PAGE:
By Jay Meisel
VERO BEACH - When Joyce Hoffeditz heard the storm coming on Aug. 27, she rushed and took refuge in a bedroom in her Vero Palm Estates manufactured home, she recalled the next day.
As it turned out, the tornado that damaged more than 20 homes in the development, left that bedroom unscathed, while breaking windows of every other room.
"I am thankful to be alive," Ms. Hoffeditz said as she, her husband, Larry and friends tried last week to salvage possessions of the home that was heavily damaged.
The tornado damaged 118 manufactured homes in at Vero Palm Estates and the Countryside mobile home park and 15 single-family homes in Paradise Park subdivision, said Dale Justice, Indian River County's director of emergency management.
Mr. Justice estimated damage at $1 million, which when combined with destruction in Palm Beach County, may make it eligible for a federal disaster declaration. However, that decision as of press time had not been made.
He said such a declaration would make some residents eligible for additional aid depending on whether they have insurance. Mr. Justice suggested that in the meantime, those without insurance could contact the American Red Cross.
Lisa Poziomek, disaster manger for the American Red Cross in Vero Beach, said the organization set up a temporary shelter, which is now closed, and provided residents with some food, water and supplies. They are also providing residents with information about resources that can provide help, she said.
For many of the residents, the tornado was a frightening experience.
Joyce Marracint, another resident of Vero Palm Estates, said she was sitting in her bedroom when she saw the tornado coming.
"All of a sudden the door came at me," she said.
She escaped, but the storm destroyed her porch and carport.
In the wake of the storm, she said, a lot of people in the community where she's lived for two years have helped her.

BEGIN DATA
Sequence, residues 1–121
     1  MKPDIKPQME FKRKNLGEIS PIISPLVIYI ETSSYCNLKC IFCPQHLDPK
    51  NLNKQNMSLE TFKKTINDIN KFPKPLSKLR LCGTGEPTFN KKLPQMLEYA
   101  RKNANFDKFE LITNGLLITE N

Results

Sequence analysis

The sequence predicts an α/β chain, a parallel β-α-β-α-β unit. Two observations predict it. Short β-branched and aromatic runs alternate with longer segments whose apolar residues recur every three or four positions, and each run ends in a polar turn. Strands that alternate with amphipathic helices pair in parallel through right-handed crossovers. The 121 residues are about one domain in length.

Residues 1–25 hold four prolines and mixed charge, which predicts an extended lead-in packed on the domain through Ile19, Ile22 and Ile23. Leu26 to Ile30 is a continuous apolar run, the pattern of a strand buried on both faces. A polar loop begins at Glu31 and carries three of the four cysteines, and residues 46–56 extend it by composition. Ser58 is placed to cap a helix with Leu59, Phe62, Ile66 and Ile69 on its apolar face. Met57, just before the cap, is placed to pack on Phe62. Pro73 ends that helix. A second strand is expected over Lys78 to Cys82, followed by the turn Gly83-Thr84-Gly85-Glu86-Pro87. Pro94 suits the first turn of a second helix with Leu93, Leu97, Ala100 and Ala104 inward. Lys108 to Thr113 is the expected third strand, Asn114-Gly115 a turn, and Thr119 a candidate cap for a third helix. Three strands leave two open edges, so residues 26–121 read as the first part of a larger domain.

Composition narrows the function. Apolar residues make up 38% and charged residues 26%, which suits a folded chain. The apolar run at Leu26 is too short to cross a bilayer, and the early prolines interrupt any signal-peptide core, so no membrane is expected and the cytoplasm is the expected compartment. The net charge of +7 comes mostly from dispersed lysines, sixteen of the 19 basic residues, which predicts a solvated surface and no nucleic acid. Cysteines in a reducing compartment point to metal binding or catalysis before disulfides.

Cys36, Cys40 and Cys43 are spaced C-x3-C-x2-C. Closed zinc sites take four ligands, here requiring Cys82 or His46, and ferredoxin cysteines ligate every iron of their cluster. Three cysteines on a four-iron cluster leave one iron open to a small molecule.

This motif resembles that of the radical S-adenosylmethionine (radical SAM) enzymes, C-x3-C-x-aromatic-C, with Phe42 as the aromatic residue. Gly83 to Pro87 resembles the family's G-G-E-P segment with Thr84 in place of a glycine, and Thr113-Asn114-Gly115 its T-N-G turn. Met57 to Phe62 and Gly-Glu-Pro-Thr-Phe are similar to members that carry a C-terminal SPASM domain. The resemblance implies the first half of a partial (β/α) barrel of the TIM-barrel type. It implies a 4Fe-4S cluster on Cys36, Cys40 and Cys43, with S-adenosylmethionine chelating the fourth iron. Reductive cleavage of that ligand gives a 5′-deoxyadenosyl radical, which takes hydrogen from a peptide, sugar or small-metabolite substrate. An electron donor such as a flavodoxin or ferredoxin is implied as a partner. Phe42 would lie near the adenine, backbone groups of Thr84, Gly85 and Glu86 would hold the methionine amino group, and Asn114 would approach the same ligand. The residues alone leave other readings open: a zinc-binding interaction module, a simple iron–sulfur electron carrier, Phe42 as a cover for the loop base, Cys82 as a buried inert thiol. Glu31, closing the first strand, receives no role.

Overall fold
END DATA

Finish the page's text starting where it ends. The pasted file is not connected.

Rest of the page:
"There's such nice people here," she said.
The Hoffeditz family also received a lot of help from both friends and family.
But, Mr. Hoffeditz, a teacher at Lincoln Park Academy, said that while he's thankful his wife wasn't injured, he worries about the future.
Since he and his wife were laid off from their teaching jobs and his wife still hasn't found work as a teacher, they couldn't make two house insurance payments.
Now, they face a situation of having to continue to pay make mortgage payments on a house they can't afford to rebuild, as well as a house in Missouri they've been unable to sell since they moved to Florida, he said.
He said in view of that it will be hard to rent or buy a new home.
"I just don't know how we'll do that," he said.
For Sue Stiles, this wasn't her first time to assess the damage after a storm.
In 2004, the hurricanes heavily damaged their home in Vero Palm Estates, she said.
After those storms, she and her husband rebuilt their home.
"We started from scratch," Ms. Stiles said.
The work included putting in new walls, she added.
This time the storm destroyed a room and trees.
She said she plans to move and doesn't want to go through rebuilding a second time.
While Ms. Stiles had storms damage her residence twice, fate was kinder to others.
Another resident, John Benway of Vero Palm Estates, driving by Ms. Stiles' home, said he's been lucky enough to have lived there 28 years and never had any storm damage to his residence.
The storm shattered windows, destroyed carports and rooms, and even moved automobiles.
Although many of the homes in one area of Vero Palm Estates were damaged, others in other sections were left untouched.
One resident said he had moved from one home in Vero Beach Estate to another.
His new home suffered extensive damage, but the old one was unscratched, he said.